As a kid, I loved All-Bran muffins. All-Bran was purchased expressly for muffins and I was pretty happy to see a new box in the cupboard. I’m not sure that bran muffins are typically what you think of as a kid-friendly choice, but that recipe made muffins that were so sweet, nutty and good, they ranked right behind my Mom’s (epic) blueberry muffins on my list of favorites. I don’t know that I have ever made them myself– is All-Bran still available to buy? I’m not even entirely sure what it is. So, why the extended intro about All-Bran muffins? It’s because this recipe, which I have made for the past few weekends and now must share, tastes just like the All-Bran muffins I remember from childhood.
The first batch was an accident– I was trying to make Alton Brown’s blueberry muffin recipe specifically because I had yogurt to use up and not enough butter to make my Mom’s. (I told you they were epic.) I had all the wet ingredients measured and mixed when I discovered we didn’t have enough cake flour on hand. We didn’t have any cake flour on hand, so I did an elaborate and haphazard mix of all-purpose flour, whole wheat flour and cornstarch. Why whole wheat flour? Because I ran out of all-purpose flour 8 oz. in to the 12 1/2 oz. of flour called for. Whoops. I should know better than to bake before coffee! Here’s the thing: the muffins that came out of this experiment were delicious! I had to add a little milk to thin a very thick batter, but the flavor and texture were wonderful: moist from the yogurt, slightly nutty from the whole wheat flour and appropriately sweet from the juicy blueberries. The vanilla is key, in a way I can’t quite put my finger on, but don’t leave it out; if anything, add a bit more. My husband loved them and asked me to make them again. For the second batch I used all whole-wheat flour, though slightly less than before, and didn’t bother with any cornstarch. Once again, perfect muffins. The recipe I used for this second batch is what I am sharing below. Though blueberries are always a delicious addition to muffins, I think these might be really great plain, and I am tempted to make a batch with bananas in place of the berries– for some reason I remember bananas being great with All-Bran.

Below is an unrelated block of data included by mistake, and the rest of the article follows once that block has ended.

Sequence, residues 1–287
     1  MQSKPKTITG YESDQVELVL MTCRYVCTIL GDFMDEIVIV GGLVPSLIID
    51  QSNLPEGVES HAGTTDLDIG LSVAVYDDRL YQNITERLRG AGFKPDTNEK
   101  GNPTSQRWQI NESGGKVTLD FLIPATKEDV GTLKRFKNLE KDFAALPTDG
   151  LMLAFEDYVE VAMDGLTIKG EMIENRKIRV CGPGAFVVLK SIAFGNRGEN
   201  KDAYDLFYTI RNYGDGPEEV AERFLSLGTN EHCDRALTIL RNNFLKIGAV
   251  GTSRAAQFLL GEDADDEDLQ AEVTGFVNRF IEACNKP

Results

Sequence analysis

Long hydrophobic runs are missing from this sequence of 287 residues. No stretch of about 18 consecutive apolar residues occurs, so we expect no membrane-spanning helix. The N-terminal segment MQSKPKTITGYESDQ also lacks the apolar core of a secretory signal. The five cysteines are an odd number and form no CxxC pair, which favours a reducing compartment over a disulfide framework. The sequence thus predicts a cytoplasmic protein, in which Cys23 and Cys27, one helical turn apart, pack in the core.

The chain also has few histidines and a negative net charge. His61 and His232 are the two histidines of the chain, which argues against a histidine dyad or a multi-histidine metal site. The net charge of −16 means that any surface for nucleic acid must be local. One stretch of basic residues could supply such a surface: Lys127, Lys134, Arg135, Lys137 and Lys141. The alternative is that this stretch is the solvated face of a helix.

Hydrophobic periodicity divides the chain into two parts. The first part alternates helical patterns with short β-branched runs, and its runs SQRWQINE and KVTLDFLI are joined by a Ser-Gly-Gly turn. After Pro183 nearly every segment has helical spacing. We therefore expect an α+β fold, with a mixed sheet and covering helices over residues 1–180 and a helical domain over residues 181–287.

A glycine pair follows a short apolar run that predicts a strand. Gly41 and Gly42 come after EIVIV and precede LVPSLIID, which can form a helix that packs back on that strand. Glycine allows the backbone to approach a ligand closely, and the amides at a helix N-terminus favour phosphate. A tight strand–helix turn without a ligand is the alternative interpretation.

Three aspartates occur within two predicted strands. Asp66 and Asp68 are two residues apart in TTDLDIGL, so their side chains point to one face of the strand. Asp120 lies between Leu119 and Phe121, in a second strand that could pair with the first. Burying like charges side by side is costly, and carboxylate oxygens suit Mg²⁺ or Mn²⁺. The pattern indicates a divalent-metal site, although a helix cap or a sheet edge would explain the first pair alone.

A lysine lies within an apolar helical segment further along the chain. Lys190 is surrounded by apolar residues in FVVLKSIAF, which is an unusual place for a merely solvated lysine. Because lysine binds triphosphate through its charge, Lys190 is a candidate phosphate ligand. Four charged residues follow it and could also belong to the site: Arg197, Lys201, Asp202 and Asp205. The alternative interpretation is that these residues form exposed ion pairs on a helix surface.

If the All-Bran muffin recipe that was on the side of the box (remember?) in the late 70’s and early 80’s is a fond memory for you, too, please let me know if these muffins are similar to what you remember from back in the day. Perhaps All-Bran is made from whole wheat flavored with vanilla? Who knows. I feel like I stumbled on to something good here, taking a great recipe and adding a twist that made the muffins equally good and with a bonus twist of nostalgia. Give them a try next weekend, or soon– and check your ingredients before you start to mix. A word of wisdom.
Whole-Wheat Muffins with Blueberries & Vanilla (adapted from Alton Brown)
- 12 oz. whole-wheat flour (I like Bob’s Red Mill)*
- 1 tsp. baking soda
- 2 tsp. baking powder
- 1/2 tsp. kosher salt
- 1/4 tsp. cinnamon
- 1 c. plain yogurt
- 1/2 c. canola oil
- 2 tsp. vanilla
- 1 c. sugar
- 1 egg
- 1 1/2 c. fresh or frozen blueberries
Preheat the oven to 350 degrees. Prepare a pan or pans to hold 12 “Texas” or jumbo muffins (or about 16 regular-size muffins) by lining with papers or greasing well with extra canola oil or baking spray.
In a large bowl, mix together the yogurt, canola oil, vanilla, sugar and egg. In a separate bowl, whisk together the flour, baking powder, baking soda, salt and cinnamon. Add the dry ingredients and blueberries to the wet ingredients and stir together just until the dry ingredients are incorporated. Use a cookie scoop or large spoon to fill the prepared muffin cups; bake for 23-25 mins. until golden brown. A toothpick inserted into the center of one of your larger muffins should come out clean, provided you don’t put it through a blueberry. I found it helpful to turn the pans halfway through the cooking time so they browned evenly. Serve warm, or store in a tightly-covered container at room temperature for about 3 days. Muffins can be frozen for up to 3 months.
*If it’s an option, I highly recommend weighing your flour; whole-wheat flours vary so much brand to brand. If you don’t own a scale (here’s the one I use and recommend), 12 oz. is roughly equivalent to 2 2/3 c.